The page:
A Vital Export
International student numbers may rise after the General Election
Assuming students are excluded from immigration targets in party manifestos, we forecast international student numbers to rise by 6% per year over the next three years.
This reflects the growth in the number of students worldwide who study overseas (OECD). In reality, growth may be much higher than this as access to UK higher education has been restricted to overseas students for so long.
■ Show me the money: The UK attracted 112,000 fulltime students from the EU and 285,000 from other countries last year, making up just under 23% of the full-time student population. These students contribute £25bn (Universities UK) to the UK economy each year through tuition fees and other spending such as accommodation and services.
They are also a key asset contributing to the UK’s “soft power” – our ability to influence and negotiate with other nations. According to research from the British Council, one in seven world leaders has studied in the UK. With Brexit brokering and trade talks on the horizon, international relations more important than ever. Maintaining these links will be absolutely vital.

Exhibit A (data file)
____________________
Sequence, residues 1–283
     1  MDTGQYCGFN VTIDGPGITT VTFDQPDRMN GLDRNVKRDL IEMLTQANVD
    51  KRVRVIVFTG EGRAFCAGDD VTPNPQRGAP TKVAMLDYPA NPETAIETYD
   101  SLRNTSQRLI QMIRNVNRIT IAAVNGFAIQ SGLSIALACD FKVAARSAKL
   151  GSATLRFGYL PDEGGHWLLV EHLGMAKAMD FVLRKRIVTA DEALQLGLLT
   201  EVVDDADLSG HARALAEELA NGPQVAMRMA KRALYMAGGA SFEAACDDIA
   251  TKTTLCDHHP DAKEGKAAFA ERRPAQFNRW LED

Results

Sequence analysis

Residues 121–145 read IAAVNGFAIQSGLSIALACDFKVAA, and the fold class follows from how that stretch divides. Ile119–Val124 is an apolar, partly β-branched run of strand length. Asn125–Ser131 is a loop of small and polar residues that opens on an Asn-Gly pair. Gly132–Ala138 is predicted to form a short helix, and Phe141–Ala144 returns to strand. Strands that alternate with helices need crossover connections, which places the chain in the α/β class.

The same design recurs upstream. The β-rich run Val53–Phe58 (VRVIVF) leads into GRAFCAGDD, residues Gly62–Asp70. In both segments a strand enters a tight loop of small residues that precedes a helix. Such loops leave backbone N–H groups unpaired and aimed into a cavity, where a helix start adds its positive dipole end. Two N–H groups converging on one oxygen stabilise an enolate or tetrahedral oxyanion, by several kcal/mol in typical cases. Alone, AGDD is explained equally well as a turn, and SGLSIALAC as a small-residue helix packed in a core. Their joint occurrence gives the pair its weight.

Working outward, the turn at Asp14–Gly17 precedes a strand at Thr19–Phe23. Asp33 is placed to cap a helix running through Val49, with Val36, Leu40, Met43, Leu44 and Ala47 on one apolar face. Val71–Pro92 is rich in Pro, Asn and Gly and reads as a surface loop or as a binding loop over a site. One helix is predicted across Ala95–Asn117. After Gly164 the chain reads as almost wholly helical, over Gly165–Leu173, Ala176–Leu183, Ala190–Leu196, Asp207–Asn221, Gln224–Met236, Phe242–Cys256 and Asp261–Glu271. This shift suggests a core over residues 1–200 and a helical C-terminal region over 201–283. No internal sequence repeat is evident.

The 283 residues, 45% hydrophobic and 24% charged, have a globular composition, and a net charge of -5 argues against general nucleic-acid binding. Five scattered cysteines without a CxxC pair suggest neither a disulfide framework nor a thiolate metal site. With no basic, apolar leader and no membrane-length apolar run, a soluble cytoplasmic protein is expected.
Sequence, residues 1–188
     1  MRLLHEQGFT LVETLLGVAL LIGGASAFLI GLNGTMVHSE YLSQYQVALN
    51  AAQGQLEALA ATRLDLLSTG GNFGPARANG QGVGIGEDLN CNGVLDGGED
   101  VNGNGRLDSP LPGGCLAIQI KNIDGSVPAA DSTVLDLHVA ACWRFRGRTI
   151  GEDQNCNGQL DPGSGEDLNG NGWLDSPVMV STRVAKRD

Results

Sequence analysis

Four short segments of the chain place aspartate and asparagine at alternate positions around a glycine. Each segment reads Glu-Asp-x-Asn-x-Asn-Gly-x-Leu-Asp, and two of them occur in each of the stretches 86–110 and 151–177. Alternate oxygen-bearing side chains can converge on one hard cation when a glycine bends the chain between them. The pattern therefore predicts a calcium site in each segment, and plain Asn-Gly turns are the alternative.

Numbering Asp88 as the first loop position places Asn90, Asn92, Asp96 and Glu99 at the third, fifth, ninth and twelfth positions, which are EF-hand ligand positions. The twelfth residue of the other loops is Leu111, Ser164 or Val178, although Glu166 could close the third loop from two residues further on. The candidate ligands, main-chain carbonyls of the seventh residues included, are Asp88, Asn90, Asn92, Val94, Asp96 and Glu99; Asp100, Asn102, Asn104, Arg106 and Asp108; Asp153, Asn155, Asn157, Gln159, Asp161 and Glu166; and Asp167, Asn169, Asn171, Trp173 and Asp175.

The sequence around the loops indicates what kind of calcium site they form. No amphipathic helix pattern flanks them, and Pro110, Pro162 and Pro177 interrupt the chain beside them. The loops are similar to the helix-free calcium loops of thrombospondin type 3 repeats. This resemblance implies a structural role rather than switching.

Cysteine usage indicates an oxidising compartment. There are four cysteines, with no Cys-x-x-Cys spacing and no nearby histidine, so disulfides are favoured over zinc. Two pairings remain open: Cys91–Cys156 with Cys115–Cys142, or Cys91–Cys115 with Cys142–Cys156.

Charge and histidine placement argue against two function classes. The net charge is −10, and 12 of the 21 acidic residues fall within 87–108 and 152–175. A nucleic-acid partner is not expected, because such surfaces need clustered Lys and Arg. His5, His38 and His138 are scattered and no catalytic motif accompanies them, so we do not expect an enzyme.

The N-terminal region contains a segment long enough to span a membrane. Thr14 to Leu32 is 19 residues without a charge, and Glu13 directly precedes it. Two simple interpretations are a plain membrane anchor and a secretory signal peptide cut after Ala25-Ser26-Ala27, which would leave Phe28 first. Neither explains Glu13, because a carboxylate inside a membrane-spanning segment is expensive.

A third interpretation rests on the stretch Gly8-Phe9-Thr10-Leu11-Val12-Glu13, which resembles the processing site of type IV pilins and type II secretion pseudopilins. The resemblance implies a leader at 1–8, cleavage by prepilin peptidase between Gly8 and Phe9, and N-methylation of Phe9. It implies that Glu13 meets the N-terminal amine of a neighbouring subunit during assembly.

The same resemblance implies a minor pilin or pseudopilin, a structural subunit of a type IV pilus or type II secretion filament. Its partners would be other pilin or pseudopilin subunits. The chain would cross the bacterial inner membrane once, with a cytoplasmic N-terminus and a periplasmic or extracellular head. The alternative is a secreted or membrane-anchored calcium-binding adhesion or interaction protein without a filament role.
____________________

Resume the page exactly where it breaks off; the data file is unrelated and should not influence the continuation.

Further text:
■ Chinese satellites: University applications from Chinese students have almost doubled over the last decade, to 14,000 in 2016. With the sterling – yuan exchange rate 8% lower than it was before the EU referendum, we can expect this demand growth to continue.
Peking University’s satellite campus in Oxford marks an exciting step forward for education links between the two countries, further to increased student numbers. Peking is ranked 27th in the world on the Times Higher Education University Guide, making it highly competitive with many UK institutions. It will allow students to spend their first year in Oxford, before continuing the rest of their course in Shenzhen, China.
■ Manifesto madness: Any hope for a quiet, politics-free summer was smashed last month with the announcement of a June General Election. There are many reasons we should be accepting – welcoming – international students into the UK. With students cut from government immigration targets, UK universities could open their arms to overseas markets and drive growth in international student numbers.
Politicians of all parties must recognise that international students make an enormous cultural and economic contribution to the UK – to the tune of tens of billions of pounds each year. This election presents them with the chance to reflect this in their manifestos.